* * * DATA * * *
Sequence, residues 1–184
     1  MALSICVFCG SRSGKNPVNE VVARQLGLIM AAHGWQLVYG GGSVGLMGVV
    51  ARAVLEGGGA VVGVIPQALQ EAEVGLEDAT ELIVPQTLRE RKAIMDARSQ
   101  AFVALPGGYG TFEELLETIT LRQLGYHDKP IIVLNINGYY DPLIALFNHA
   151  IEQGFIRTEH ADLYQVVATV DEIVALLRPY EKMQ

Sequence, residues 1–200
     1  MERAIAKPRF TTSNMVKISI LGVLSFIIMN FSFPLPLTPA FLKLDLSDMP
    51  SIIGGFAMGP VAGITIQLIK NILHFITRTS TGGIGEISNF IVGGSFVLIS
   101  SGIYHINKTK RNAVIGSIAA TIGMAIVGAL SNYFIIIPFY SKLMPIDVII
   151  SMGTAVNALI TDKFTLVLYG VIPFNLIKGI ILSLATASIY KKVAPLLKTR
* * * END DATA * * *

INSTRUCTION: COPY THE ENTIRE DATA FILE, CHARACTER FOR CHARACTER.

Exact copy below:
Sequence, residues 1–184
     1  MALSICVFCG SRSGKNPVNE VVARQLGLIM AAHGWQLVYG GGSVGLMGVV
    51  ARAVLEGGGA VVGVIPQALQ EAEVGLEDAT ELIVPQTLRE RKAIMDARSQ
   101  AFVALPGGYG TFEELLETIT LRQLGYHDKP IIVLNINGYY DPLIALFNHA
   151  IEQGFIRTEH ADLYQVVATV DEIVALLRPY EKMQ

Sequence, residues 1–200
     1  MERAIAKPRF TTSNMVKISI LGVLSFIIMN FSFPLPLTPA FLKLDLSDMP
    51  SIIGGFAMGP VAGITIQLIK NILHFITRTS TGGIGEISNF IVGGSFVLIS
   101  SGIYHINKTK RNAVIGSIAA TIGMAIVGAL SNYFIIIPFY SKLMPIDVII
   151  SMGTAVNALI TDKFTLVLYG VIPFNLIKGI ILSLATASIY KKVAPLLKTR